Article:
For 1969 Lola introduced the MkIIIB, with a new all-alloy monocoque that owed some of its architecture to the T160 Can-Am car. Outwardly identifiable by its use of four rather than a single pair of headlights, and forward-hinged (in place of gullwing) doors, the newest strain was breathtakingly gorgeous.

Lola took seven out of eight British GT races during the year but the T70 still fell largely short on the world stage: the exceptions were the hurriedly completed Penske-Sunoco car of Mark Donohue and Chuck Parsons taking victory at the Daytona 24 Hours after all its rivals broke, and Bonnier finishing second in the final championship round at the Österreichring. Four wins out of five races in the Springbok series rounded out the Lola’s year.

The beginning of the end started in 1970: there were no major placings for T70s in the International Championship of Makes, although Richard Attwood took a win at Montlhery and again at Dijon. JeanPierre Beltoise took the model’s last real success at Magmy-Cours in July, driving David Piper’s example.

‘Our’ car, chassis SL76/153, was the last of the original batch of 15 MkIIIB coupes. Originally sold to Lola concessionaire Joakim Bonnier in March 1969, it passed to Terry Crocker, who raced it with little distinction in Interserie events the following year with a Vegantune-Chevy engine. After numerous failures to start (and finish), the car was moved on again by AJ Motors, Crocker’s firm, to Brazilian Antonio Carlos Avallone, who took a pair of top-five placings in the 1971 Interlagos 500Km and the Grand Prix of Taruma during a packed season, occasionally sharing with Wilson Fittipaldi and alternating between Chevy and Chrysler power. At the end of the year it was shipped out to South Africa, where it remained until 1994, when Italian Mauro Borella discovered the car in a derelict state. Super-successful historic racer Nigel Hulme bought the remains two years later and entrusted the restoration to Lola specialist Clive Robinson Cars. He’s since won around 30 races with it.

Like a Jim’ll Fix It beneficiary, Flux is at his most animated: “There are certain things that have an impact on you, but you don’t realise until later on. I can remember the first time I heard a T70 and it obviously must have had some sort of influence on my subconscious. I just love the sound of a race-prepared American V8. As soon as they started it up it was like 1968 all over again. And the way you feel when you first pump the accelerator and get pushed back in your seat… that’s my buzz for the week!

“It really is a nice car to drive. The torque spread is very broad and it will rev to 7200rpm. I raced a Can-Am Lola T530 for two years in the 1980s and this feels fairly similar in that there are two ways of driving it: in qualifying I used to use all the gears and in the race would mostly stick to fourth and fifth, relying on the brakes that bit more. This is the sort of car with which you can give it death and then back up a bit. It’s very honest that way, although I’d like to try it on slicks. On grooved rubber you have to throw it around to keep up momentum, but that’s no hardship. The steering is really accurate: old Eric did a cracking job on the geometry [the rack is a modified BMC 1100 item]. In fast corners it doesn’t go all light on you — that’s something I hate. I remember driving a McLaren M6 Can-Am car a while back and into Woodcote it got all eerie which does tend to focus your attention.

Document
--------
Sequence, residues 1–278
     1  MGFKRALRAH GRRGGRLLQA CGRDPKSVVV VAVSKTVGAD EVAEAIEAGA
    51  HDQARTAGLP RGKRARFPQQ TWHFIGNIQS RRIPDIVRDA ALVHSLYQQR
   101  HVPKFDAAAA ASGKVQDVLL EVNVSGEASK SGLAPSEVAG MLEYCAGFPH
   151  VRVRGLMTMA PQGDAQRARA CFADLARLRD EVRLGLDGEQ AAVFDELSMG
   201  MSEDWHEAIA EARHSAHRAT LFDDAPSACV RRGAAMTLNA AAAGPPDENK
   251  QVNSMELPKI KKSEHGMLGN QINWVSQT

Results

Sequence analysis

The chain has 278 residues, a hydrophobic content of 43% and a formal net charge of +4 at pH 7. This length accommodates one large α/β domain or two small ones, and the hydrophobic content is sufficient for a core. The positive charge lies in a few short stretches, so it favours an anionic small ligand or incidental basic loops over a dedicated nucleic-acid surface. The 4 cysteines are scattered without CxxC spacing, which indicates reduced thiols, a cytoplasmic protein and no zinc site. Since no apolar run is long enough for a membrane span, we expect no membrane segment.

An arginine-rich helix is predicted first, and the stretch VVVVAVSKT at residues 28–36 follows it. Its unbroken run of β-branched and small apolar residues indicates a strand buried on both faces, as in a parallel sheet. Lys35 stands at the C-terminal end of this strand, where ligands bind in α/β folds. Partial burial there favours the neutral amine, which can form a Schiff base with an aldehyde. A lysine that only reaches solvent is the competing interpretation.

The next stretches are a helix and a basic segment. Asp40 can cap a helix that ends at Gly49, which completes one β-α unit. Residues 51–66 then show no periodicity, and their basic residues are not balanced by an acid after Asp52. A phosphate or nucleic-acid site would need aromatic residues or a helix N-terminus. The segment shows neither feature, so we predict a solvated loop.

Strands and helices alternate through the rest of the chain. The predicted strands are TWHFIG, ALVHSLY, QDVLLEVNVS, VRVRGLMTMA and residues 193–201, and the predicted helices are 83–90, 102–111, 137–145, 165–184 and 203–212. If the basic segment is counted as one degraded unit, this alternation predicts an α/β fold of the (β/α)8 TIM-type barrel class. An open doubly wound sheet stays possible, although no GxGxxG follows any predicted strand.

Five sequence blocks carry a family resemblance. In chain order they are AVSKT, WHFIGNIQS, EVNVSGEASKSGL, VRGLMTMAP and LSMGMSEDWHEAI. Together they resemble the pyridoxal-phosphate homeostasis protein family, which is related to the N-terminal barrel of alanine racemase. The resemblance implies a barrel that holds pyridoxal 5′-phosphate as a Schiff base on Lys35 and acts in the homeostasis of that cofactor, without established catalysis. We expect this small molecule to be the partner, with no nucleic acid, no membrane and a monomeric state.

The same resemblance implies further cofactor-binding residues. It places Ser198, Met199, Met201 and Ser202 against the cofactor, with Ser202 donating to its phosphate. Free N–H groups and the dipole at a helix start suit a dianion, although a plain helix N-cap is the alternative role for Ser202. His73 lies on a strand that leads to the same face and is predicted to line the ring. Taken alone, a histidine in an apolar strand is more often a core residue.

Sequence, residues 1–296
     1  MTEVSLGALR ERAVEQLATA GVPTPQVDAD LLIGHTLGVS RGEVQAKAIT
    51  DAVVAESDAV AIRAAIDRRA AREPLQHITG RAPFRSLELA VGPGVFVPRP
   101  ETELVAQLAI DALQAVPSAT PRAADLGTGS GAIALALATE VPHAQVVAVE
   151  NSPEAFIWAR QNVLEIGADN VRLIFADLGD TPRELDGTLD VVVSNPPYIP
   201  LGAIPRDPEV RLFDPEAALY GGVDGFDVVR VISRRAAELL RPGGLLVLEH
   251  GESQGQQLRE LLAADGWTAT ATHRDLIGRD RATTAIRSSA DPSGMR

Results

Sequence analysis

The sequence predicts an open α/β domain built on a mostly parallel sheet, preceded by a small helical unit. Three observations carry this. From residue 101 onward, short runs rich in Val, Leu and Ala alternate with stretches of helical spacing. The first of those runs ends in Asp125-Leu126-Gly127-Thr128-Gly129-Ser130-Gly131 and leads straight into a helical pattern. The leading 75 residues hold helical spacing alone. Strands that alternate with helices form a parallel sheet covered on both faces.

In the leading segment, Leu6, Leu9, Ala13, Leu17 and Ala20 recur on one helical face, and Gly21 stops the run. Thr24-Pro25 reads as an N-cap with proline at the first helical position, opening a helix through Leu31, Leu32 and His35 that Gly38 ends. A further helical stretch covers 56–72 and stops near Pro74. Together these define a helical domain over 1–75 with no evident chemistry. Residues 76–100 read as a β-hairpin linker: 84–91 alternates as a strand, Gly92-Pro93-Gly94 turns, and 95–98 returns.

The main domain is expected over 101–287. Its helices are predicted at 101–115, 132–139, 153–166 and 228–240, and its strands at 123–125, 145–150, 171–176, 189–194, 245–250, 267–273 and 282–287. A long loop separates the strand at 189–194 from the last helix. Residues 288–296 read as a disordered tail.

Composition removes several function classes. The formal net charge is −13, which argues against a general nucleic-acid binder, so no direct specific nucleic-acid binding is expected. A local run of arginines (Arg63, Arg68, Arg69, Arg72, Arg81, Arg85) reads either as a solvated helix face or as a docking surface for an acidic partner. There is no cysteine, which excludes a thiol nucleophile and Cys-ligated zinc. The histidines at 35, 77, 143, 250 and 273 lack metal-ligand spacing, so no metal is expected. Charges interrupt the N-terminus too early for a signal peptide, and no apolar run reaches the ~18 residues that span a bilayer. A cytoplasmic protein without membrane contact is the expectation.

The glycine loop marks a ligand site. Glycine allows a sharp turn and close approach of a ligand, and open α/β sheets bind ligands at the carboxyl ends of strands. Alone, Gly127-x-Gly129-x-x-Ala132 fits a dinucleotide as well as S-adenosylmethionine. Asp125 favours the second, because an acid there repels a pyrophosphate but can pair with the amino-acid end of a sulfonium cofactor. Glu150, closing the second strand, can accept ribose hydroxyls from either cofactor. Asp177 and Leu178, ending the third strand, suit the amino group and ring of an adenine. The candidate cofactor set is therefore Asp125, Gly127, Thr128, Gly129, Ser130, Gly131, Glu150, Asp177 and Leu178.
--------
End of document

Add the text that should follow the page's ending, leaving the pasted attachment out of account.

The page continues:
“The gearbox has a normal H-pattern and the changes are OK but these massive Hewlands [LG600 in MkIIIBs] are a bit tractor-like: there was some backlash in the crown and pinion so you just have to be forceful with it. The brakes are better than I expected too. Going into Becketts I was doing about 145mph. You just come off the power and leave a nice long braking distance — I’m not that trusting! What I really like about Lolas is that my feet always fit the pedal box: I must have the same-sized plates as Eric Broadley.”

So was it worth the wait? “Definitely! I’ve tested a few cars from this period and you’re always a bit unsure whether you’ll get on with them. I know Nigel has raced this car for a while, so I took it as read that it would be well sorted. I really like it and would love the opportunity to race one — carefully: this isn’t a car to crash in. Safety measures have moved forward a bit since the T70 was designed. There’s only glass-fibre, a bit of aluminium and the nose frame between your feet and disaster. But that said, I love anything with more than 400bhp so yes, I’m interested!”